Legislative Council of Hong Kong

Move to end filibustering ‘reasonable’ so Legco meetings can go back to ‘normal’, says Hong Kong leader Carrie Lam

An intense debate on changes to rules of procedure in the city’s parliament, aimed at curbing filibustering, will begin on Wednesday

PUBLISHED : Tuesday, 05 December, 2017, 12:41pm
UPDATED : Tuesday, 05 December, 2017, 9:15pm

Hong Kong leader Carrie Lam Cheng Yuet-ngor on Tuesday said it was “reasonable” for the Legislative Council president to give lawmakers the green light to amend the body’s rule book, as she hoped that the meetings in the legislature could be “brought back to normal as soon as possible”.

The chief executive was speaking a day before Legco begins an intense debate on changes to its rules of procedure, with amendments proposed by pro-establishment lawmakers to curb the delaying tactics of pan-democrat lawmakers to block bills or motions they disagree with.

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These tactics include calling for quorum counts, making lengthy speeches and tabling stacks of amendments, resulting in proceedings grinding to a halt or meetings dragging on needlessly.

“We hope that things in the Legislative Council will be brought back to normal as soon as possible,” Lam said, in a reference to how pan-democrats had in recent weeks filibustered other bills to try to defer the house rules debate and table a list of their own changes.

The pro-establishment camp is set to move 24 proposals on Wednesday to amend the rule book, with pan-democrat lawmakers unlikely to be able to block the amendments.

The pro-democracy bloc was significantly weakened after a court stripped six lawmakers of their seats for improperly taking their oaths of office after the September 2016 Legco elections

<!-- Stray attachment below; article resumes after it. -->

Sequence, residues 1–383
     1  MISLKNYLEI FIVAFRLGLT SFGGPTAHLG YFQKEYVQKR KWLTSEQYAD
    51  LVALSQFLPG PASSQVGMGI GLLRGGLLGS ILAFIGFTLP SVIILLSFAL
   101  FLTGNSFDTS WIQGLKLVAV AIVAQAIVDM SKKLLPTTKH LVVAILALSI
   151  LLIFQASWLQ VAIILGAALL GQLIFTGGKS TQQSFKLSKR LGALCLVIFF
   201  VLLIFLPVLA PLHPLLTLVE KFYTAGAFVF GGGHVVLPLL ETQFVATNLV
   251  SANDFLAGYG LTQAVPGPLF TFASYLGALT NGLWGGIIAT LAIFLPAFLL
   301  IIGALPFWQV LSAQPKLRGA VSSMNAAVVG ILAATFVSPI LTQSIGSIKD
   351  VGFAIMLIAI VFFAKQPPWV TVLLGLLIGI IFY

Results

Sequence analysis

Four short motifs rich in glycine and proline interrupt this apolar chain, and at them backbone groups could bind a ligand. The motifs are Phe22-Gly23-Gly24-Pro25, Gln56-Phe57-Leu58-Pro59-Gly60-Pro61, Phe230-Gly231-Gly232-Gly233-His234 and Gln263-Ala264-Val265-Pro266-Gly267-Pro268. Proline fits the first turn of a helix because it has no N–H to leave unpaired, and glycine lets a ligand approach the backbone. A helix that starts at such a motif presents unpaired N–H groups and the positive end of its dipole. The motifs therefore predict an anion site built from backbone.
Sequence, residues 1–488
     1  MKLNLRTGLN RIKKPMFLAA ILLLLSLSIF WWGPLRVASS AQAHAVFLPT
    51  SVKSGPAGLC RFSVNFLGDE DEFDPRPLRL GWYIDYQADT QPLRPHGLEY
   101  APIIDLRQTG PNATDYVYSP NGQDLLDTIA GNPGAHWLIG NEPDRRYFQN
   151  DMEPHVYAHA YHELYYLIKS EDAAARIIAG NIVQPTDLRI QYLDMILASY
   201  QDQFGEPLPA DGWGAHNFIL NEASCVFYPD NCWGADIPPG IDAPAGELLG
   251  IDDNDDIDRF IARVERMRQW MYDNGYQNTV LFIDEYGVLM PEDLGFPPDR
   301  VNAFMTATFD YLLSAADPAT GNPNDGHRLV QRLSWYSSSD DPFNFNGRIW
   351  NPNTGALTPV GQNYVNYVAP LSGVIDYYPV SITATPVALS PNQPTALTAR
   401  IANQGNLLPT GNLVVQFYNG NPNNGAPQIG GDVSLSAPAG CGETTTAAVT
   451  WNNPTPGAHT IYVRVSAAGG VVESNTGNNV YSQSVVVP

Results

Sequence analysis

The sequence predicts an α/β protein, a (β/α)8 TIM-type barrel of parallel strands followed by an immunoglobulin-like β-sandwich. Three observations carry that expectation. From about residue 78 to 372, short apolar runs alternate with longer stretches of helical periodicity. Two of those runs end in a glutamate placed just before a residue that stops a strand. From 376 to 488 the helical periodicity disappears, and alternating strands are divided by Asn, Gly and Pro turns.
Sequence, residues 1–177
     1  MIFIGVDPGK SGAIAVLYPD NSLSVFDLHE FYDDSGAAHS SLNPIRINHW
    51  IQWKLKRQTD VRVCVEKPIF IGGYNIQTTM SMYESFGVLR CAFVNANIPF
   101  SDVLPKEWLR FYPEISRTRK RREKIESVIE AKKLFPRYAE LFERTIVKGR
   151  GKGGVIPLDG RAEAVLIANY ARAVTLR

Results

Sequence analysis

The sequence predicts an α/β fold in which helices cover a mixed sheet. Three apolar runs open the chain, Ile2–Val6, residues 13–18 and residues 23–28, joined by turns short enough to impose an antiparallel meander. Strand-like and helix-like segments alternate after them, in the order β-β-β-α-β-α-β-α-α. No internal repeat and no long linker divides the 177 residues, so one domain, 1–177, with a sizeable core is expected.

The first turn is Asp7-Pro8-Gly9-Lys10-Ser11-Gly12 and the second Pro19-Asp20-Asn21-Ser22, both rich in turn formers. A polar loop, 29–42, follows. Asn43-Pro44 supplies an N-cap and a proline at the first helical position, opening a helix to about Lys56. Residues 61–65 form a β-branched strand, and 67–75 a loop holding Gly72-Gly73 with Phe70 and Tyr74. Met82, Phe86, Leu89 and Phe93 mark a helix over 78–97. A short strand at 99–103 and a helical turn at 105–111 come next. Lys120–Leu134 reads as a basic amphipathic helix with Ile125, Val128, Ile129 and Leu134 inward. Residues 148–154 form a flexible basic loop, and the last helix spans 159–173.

Legco president Andrew Leung Kwan-yuen had earlier allowed the pan-democrats to table 24 of their own proposals, but ruled another 14 inadmissible.

Most of the pro-establishment camp’s proposals, including a controversial one on lowering the quorum requirement from half of Legco members to 20 for certain meetings, were allowed.

On Monday, Leung also approved a series of motions from the pan-democrats to amend the other side’s proposals.

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He also ordered a single debate, which he said could last 30 hours, rather than a separate debate on each proposal.

Before her weekly Executive Council meeting with policy advisers, Lam was asked by the media if the Legco president had been making the right decisions.

Citing Hong Kong’s mini-constitution, Lam said: “Under Article 72 of the Basic Law, it is the president’s responsibility … to ensure the smooth proceeding of meetings, so I respect his clear decision on this matter which has been dragging on for quite some time.”

“His decision was quite reasonable,” she added.

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The government did not table any bills for the weekly Legco meeting on Wednesday, drawing criticism from the pan-democrats who claimed it was a strategy to pave the way for a debate on house rules.

But Lam rejected that accusation on Tuesday.

“There is no particular tactic or strategy, we will submit the bills and resolutions when they are ready,” Lam said.

Pro-establishment legislators have a window of opportunity to amend the rule book before the first by-election, to fill four of the six vacant seats, takes place on March 11.

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Opposition lawmakers, holding 30 seats before the six were disqualified, had in recent years repeatedly called quorum bells that lasted for 15 minutes each to grind proceedings to a halt.

In 2015-16, a record high number of 596 quorum bells was recorded. Weekly council meetings were halted for a total of 115 hours that legislative year.

Eleven of the bells caused an early adjournment of the meetings, after the pro-establishment camp failed to secure a sufficient number of lawmakers in the chamber.